The Ossians are a Scottish band about to tour their country’s far-flung venues. Connor, the frontman, is convinced the trip will show him the “real” Scotland, somewhere between tartan twee and Irvine Welsh. But with a head full of speed and gin, he finds it hard to concentrate on anything other than scoring the next hit.
Connor’s closest relationships are with his bandmates, and when they suffer the effects of his excesses, he finds himself increasingly alone. As his grip on reality weakens, he thinks he is being followed, maybe by an angel. Rather than seek help, he buys a gun. Unsurprisingly, the situation degenerates.
Like most road-trip stories, The Ossians is a personal journey. Readers unfamiliar with Scotland won’t learn much about it: the landscape most vividly rendered is that of Connor’s angst. It is easy to hate a pretentious, self-obsessed speed freak, but Doug Johnstone successfully uses interiority to make Connor likeable despite his flaws. If the supporting cast isn’t exactly rounded, its members aren’t entirely two-dimensional either.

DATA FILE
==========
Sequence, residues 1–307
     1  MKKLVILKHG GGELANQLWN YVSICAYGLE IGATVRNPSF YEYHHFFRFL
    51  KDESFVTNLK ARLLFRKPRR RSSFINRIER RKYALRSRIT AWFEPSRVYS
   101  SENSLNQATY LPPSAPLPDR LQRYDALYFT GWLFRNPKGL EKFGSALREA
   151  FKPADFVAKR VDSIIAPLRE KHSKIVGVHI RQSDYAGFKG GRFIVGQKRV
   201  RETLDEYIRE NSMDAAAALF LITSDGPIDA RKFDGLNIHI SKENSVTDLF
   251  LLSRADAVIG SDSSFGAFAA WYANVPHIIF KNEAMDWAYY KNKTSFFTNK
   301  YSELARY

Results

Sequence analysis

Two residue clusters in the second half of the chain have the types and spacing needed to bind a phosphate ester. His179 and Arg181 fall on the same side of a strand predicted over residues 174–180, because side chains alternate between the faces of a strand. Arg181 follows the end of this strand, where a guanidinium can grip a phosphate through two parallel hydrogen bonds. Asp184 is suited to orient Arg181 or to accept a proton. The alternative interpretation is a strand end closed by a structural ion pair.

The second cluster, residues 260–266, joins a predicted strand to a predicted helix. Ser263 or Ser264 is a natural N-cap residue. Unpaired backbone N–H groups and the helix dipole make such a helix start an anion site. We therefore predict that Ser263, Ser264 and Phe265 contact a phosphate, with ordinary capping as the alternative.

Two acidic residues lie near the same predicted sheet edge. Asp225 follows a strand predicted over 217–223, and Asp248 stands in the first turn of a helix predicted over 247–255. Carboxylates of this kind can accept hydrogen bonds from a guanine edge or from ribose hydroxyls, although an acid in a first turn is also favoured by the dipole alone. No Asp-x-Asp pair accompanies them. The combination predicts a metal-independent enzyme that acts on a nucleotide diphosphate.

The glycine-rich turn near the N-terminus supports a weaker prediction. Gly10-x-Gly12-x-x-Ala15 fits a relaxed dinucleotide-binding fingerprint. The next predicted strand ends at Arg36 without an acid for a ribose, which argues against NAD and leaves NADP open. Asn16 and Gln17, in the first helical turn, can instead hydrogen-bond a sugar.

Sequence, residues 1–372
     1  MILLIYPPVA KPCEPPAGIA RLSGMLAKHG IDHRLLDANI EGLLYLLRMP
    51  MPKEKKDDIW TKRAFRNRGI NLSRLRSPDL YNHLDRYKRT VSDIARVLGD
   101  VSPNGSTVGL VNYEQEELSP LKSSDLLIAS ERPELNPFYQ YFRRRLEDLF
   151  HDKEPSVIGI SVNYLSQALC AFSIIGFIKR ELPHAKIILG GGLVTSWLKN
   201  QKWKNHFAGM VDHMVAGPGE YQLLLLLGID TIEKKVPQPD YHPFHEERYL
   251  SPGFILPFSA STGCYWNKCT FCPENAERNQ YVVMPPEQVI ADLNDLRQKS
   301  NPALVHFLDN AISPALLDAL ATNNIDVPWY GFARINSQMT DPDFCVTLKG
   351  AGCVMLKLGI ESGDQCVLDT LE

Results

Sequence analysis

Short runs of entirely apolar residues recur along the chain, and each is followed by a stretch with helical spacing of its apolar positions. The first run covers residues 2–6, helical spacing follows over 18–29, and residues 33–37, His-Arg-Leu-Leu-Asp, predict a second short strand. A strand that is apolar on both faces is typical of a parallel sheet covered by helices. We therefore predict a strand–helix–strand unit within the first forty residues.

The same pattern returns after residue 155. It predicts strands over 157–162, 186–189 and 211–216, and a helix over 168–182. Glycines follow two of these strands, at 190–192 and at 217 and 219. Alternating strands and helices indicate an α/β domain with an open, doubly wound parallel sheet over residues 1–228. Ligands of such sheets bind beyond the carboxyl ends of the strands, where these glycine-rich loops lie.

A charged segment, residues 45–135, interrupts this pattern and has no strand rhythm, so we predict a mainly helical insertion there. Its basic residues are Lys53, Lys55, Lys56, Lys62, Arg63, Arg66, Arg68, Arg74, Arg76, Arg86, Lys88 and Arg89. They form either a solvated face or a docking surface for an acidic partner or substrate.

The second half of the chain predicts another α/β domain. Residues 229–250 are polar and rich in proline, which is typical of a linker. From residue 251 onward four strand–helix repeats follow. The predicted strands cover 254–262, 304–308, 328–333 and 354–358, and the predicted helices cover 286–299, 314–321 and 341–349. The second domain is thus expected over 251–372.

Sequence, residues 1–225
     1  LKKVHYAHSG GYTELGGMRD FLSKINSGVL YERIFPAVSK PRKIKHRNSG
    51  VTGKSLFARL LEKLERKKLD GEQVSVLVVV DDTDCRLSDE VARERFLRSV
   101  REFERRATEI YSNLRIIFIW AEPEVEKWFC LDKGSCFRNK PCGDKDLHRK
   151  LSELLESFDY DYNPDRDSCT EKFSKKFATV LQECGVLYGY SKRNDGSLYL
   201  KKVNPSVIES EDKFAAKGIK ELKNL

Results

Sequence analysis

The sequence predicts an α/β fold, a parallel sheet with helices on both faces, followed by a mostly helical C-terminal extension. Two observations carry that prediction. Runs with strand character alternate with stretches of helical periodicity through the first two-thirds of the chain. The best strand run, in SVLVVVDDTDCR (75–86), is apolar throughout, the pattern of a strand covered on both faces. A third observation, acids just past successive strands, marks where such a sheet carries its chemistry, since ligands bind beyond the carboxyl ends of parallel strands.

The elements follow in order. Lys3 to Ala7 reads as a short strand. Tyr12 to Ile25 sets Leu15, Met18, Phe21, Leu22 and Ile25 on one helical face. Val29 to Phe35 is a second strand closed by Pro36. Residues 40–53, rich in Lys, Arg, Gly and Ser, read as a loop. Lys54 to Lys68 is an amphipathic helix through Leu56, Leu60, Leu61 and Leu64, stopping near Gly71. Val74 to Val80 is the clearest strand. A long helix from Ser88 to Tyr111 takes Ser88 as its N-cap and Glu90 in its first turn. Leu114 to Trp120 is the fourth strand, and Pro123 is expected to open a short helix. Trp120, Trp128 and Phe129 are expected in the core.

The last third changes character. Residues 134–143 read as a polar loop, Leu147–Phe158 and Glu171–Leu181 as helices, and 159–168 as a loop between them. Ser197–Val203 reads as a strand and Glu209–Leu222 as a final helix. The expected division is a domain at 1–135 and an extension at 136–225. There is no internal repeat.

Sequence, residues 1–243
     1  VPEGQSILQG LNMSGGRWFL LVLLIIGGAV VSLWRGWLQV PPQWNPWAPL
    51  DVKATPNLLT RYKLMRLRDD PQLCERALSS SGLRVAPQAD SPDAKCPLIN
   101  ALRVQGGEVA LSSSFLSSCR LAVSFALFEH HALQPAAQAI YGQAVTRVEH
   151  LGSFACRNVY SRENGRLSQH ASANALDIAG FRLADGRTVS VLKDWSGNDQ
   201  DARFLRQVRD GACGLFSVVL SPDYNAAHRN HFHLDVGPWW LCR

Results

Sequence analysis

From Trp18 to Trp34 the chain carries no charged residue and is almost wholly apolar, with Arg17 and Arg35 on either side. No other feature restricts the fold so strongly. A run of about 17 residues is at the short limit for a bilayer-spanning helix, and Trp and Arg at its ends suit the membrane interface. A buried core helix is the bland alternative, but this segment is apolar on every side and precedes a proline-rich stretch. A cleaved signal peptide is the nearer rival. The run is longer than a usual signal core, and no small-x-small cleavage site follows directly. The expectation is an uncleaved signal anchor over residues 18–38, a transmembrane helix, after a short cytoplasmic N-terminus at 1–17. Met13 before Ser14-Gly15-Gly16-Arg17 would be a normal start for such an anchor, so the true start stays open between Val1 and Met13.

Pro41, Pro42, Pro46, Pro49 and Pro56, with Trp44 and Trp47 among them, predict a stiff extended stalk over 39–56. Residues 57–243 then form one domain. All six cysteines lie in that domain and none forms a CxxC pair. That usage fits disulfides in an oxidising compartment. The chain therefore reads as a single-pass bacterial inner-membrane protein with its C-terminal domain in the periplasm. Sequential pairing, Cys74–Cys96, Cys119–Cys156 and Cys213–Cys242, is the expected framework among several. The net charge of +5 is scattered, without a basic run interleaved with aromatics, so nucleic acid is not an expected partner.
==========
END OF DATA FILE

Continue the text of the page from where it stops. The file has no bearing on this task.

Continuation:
The Ossians is closer to About a Boy than to Trainspotting. Unlike its hero, the book, to its credit, doesn’t take itself seriously. Some holes in the plot and a few forced resolutions aren’t too damaging to the experience, even if the end is rather abrupt.